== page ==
File (csv) written by Pandas is mysteriously invisible in its directory

I have posted a complete description with copies of code and screenshots here: https://stackoverflow.com/questions/60426506/file-is-not-listed-in-directory-but-can-be-written-and-loaded-from-there-with-p (The responses there show that the respondents don’t know Python.)

The csv file is being written with this command:

DataPA.to_csv(“c:\\YelpData\\Data_PA.csv”)

I can read this file from the same Python program, and print (correclty) the first row with:

import pandas as pd
city_data = pd.read_csv(“c:\\YelpData\\Data_PA.csv”, usecols=range(1,11), encoding=‘latin-1’)
print(city_data.iloc[0])

The file is not present in c:\YelpData (from Windows). It is not a hidden file.

In doing a lot of testing scenarios I have determined the following:

  1. I can’t write the csv file to a non-existent directory. (Expected.)
  2. I can write the csv file to an existing directory, then delete that directory, and then the Python program (a new instance) continues to be able to read the file from the deleted directory. (!!!) (Not expected.)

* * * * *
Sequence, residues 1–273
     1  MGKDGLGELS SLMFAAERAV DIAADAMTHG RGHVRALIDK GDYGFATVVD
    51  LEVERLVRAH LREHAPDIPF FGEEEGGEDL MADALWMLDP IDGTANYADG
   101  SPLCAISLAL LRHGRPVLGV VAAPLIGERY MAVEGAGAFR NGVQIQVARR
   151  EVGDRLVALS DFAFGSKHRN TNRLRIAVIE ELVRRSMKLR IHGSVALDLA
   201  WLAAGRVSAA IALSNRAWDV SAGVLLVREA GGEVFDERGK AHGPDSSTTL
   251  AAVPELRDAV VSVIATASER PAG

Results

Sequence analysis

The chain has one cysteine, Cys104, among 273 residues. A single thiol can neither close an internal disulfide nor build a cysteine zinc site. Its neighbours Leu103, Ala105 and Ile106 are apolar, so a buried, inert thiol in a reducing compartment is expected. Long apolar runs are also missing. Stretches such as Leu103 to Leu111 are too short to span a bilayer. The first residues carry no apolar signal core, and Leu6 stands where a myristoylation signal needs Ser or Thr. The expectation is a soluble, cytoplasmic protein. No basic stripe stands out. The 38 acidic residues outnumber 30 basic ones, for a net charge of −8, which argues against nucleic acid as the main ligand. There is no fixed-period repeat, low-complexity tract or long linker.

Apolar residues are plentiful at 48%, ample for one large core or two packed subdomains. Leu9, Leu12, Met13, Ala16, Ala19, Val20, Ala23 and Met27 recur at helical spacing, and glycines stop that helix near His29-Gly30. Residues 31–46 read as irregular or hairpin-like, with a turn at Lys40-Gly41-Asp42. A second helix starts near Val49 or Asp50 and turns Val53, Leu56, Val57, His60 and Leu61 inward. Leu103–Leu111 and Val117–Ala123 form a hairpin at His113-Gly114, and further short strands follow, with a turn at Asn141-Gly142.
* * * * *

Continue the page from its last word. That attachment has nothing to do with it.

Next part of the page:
3. I can add a file to the directory, with the same name, with 0 size (Data_PA.csv), and Python continues to read the file it previously wrote (to somewhere) (!!!) (Not expected.)

I uninstalled Python 3.6.2 and installed Anaconda. I get the same results.
Windows 10.

I have never set up any virtual environments on this laptop, and I have never worked on Jupyter notebooks.

Thanks for any help.

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Strange. Things that come to my mind:
a) Have you tried using single forward slashes instead?
b) Do you have any other process running that could have this file open all this time (office/browser/another python script)?
c) I’m not sure - but aren’t you by chance creating and then reading this file in the same script?

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I started with singles slashes. I changed it based on a response from stackoverflow. Same results.

There shouldn’t be another process that has the file open.

I have a different script reading the file. I manually start this script after the first one exits (the write). It sees the invisible file and prints the first part of it. The steps I described above, where I delete directories and add 0-byte files applies.

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The culprit was Comodo Firewall. At some point Auto-Containment had gotten turned on. My shadowed files were in a mirrored directory structure under c:/VTROOT/… Along with a lot of other stuff I don’t want in there. I have disabled Auto-Containment. Google shows many people have ran into this.

I know when I installed Comodo over 1.5 years ago that I didn’t set that, as I didn’t want it. Well, now I know how it works.

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